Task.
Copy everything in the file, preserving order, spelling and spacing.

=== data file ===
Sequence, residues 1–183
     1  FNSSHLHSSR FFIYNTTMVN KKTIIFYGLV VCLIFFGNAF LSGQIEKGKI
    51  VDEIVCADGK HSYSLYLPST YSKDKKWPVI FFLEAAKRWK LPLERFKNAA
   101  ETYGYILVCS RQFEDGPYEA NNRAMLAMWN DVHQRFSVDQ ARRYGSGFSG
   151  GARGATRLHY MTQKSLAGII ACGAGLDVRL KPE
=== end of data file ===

Sequence, residues 1–183
     1  FNSSHLHSSR FFIYNTTMVN KKTIIFYGLV VCLIFFGNAF LSGQIEKGKI
    51  VDEIVCADGK HSYSLYLPST YSKDKKWPVI FFLEAAKRWK LPLERFKNAA
   101  ETYGYILVCS RQFEDGPYEA NNRAMLAMWN DVHQRFSVDQ ARRYGSGFSG
   151  GARGATRLHY MTQKSLAGII ACGAGLDVRL KPE